Rabia Balkhi wrote her last poem on the bathroom wall with her blood while dying. She had fallen in love with a servant and her brother ordered her killed. Rabia died a violent and unjust death, but the people of Afghanistan now remember her as a hero.
In June 2009, I asked men and women in Afghanistan about heroines. Rabia's name was always mentioned. She was a famous poet who had challenged the cultural norms by falling in love with her brother's servant. Her brother's honor was therefore ruined and he ordered her dead. Nobody could tell me what poem she wrote on the wall, but that was not the point. The point is she refused to give up and die a victim. She defied her brother by having the last word.
Rabia was a strong woman who refused to be silenced, and women and men alike visit her grave in honor. While in Mazar-i-Sharif where I learned of Rabia's story, I decided hers was a story that needed to be told, together with the stories of the women of Afghanistan.
Storytelling is what I do. Throughout my life I have told stories by acting in the theatre. I transitioned into telling the stories of battered women and children while serving as a legal advocate, and I went to law school to expand my ability to present those stories in court. Yet I found myself drawn to advocating through art rather than in the courtroom. Instead of jumping into the practice of law, I founded Artfully Unforgotten, a nonprofit where artists raise awareness and resources for vulnerable communities through telling stories that don't often get heard, such as Rabia's.
Today there are women like Rabia Balkhi all over Afghanistan. These women refuse to give up and be victims, even though they experience severe oppression. I realized when hearing their stories that it serves no one to think of Afghan women as merely victims, because they are the last ones to see themselves as such. Nor does it help the cause for women's empowerment worldwide. Thus, the NGOs and media working in Afghanistan should tell these stories of strength and accomplishment among Afghan women.
Ferishta is one such woman, the founder of a soccer ball manufacturing company. Ferishta said, "The women of Afghanistan are strong. All the men in the world would not be able to bear the pain that they have endured." Ferishta fled to Pakistan during Taliban rule. She returned to Afghanistan upon the fall of the Taliban with nothing in hand and no home. She got a job with the UN, married a childhood friend, and started her own company. It never crossed her mind to merely be a victim.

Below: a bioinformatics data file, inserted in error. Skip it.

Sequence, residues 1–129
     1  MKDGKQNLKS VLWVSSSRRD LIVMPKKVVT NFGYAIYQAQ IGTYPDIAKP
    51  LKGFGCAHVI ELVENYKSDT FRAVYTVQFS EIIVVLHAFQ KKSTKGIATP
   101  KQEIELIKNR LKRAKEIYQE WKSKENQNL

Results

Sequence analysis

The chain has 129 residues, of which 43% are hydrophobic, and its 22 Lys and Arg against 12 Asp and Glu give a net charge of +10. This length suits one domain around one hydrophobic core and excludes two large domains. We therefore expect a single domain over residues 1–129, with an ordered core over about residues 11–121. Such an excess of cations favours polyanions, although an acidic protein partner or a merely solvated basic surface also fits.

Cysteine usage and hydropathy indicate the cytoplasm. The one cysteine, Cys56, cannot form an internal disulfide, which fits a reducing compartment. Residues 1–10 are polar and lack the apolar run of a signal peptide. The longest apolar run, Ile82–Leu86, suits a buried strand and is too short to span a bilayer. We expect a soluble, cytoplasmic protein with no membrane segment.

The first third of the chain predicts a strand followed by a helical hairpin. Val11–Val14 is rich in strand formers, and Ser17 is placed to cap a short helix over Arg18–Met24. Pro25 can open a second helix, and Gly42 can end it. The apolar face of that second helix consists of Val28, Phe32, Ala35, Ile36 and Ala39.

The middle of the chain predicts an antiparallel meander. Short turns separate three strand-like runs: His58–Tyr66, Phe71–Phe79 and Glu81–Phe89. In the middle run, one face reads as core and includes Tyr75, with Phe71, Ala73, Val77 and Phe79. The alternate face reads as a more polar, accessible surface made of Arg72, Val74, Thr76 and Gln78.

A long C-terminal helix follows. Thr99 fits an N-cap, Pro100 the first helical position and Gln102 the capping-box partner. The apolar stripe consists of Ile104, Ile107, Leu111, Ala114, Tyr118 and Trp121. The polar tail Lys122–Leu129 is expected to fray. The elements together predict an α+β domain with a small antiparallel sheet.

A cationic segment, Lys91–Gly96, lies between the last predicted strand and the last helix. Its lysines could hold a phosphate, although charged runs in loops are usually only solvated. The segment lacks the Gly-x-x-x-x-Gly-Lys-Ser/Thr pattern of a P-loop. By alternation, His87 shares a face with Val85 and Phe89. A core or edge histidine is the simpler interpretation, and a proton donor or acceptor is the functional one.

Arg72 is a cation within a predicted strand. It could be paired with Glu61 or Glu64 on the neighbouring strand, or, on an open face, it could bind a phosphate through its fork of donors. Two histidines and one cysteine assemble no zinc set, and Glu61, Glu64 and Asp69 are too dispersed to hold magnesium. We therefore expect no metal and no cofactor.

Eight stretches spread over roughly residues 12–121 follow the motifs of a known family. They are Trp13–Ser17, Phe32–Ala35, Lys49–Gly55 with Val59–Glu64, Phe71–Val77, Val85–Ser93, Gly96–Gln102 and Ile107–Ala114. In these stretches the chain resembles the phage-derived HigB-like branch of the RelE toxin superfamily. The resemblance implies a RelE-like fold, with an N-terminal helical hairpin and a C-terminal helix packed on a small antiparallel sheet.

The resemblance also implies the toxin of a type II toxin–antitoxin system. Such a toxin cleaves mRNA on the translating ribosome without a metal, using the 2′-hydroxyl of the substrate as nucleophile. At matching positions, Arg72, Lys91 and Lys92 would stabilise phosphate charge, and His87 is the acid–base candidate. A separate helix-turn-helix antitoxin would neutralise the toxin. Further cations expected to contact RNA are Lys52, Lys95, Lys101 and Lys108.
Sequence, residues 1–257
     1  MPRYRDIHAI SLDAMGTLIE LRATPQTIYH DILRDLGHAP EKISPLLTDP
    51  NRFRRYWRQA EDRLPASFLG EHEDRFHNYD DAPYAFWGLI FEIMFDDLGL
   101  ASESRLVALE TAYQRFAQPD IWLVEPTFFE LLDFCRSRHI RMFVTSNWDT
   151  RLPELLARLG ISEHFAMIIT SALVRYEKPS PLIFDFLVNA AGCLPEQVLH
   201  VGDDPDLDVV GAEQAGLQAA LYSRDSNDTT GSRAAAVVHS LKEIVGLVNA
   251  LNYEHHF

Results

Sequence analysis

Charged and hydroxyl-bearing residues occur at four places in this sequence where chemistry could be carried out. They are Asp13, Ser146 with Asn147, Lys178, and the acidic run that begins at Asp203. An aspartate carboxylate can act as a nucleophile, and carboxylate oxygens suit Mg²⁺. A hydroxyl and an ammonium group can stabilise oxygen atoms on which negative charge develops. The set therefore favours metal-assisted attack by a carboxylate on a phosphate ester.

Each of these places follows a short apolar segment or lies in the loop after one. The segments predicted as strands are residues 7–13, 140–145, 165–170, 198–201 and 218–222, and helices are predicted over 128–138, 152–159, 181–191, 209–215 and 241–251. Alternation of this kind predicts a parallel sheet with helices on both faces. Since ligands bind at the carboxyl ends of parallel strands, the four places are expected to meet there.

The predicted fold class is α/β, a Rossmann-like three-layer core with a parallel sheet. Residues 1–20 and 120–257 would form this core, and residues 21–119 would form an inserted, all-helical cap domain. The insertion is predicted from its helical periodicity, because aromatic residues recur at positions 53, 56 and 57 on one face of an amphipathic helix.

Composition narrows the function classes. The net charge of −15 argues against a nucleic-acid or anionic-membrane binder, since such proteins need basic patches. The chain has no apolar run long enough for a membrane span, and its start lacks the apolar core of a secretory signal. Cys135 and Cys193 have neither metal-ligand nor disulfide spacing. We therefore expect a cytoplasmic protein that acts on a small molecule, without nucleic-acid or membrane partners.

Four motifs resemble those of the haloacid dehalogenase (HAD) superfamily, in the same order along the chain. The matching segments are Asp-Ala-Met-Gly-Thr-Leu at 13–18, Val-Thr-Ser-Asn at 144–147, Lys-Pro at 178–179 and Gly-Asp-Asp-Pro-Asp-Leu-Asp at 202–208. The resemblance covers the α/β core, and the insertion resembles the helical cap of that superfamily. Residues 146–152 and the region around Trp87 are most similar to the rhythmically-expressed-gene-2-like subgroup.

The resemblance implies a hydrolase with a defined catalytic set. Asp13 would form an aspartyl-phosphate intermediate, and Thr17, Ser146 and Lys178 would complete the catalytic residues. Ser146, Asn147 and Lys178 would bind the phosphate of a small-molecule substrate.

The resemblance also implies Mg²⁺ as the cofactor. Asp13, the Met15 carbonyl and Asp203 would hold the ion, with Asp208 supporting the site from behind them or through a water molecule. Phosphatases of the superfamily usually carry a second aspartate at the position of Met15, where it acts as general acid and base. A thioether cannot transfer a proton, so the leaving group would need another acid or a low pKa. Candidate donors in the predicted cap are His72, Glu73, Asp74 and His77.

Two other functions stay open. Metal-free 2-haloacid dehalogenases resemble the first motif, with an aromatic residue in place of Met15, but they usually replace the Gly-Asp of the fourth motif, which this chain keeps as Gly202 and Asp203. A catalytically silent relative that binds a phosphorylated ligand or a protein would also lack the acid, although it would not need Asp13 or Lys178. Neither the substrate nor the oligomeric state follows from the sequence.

Alima is another such women who refuses to take on that role. She is a computer science student who wants to make money. While walking in the bazaar in her burqa, a young man purposefully bumped into her thinking she would retreat. He was wrong. Alima took her notebook and hit him back, ordering him to "Be careful."
As Walter Fullemann, head of the International Committee of the Red Cross delegation to the United Nations, recently stated at the 54th United Nations Commission on the Status of Women, "The image of women as helpless victims of war is flawed." Images in our media that focus solely on the oppression and violence that women have suffered do not tell a complete story. They grab attention, but the women in Afghanistan deserve more. Despite oppression they are determined to define their own destinies.
The women I met are gaining education, getting jobs, and rebuilding their country. As Ferishta said, "Of course, you know that the building of a country is not only the responsibility of the men. It is the responsibility of every individual to contribute to the economic growth of the country."
Rangila had to relearn how to read and write after being forced out of school during the Taliban regime. "We can do everything if we have good aim, good desire, good wishes. If we do our work honestly then we can do anything another country can do," she said.
Ferishta, Rangila, and many women like them demonstrate determination and hope. Furthermore, they would make excellent ambassadors on behalf of the cause of women's empowerment throughout world. They are evidence of women's resilience when freed from oppression—we are just not having the opportunity to hear them.
To be sure the women of Afghanistan have suffered severe forms of oppression and many still do. And, yes, the stories and images of violence and oppression need to be told as well. The overwhelming majority of women are affected by domestic violence, the majority of young women have been forced into marriages, and many women are illiterate. However, focusing on the oppression leaves viewers thinking in generalized terms that women are merely victims.
According to UN Resolution 1325 [PDF], women are to be included in the rebuilding of society, especially post-conflict. If women are constantly viewed as victims, then the resources women have to offer are likely to be overlooked. If NGOs and donor governments want to further the cause of Afghan women, then more stories of their accomplishments need to be told. Not only will these stories encourage a belief in their ability to rebuild Afghanistan, but they will also inspire hope in women worldwide.
If the women of Afghanistan can arise and have hope, then women everywhere will know we can arise from anything. That is why the story of Rabia must be told—for the numerous Rabias who share her spirit of creative perseverance.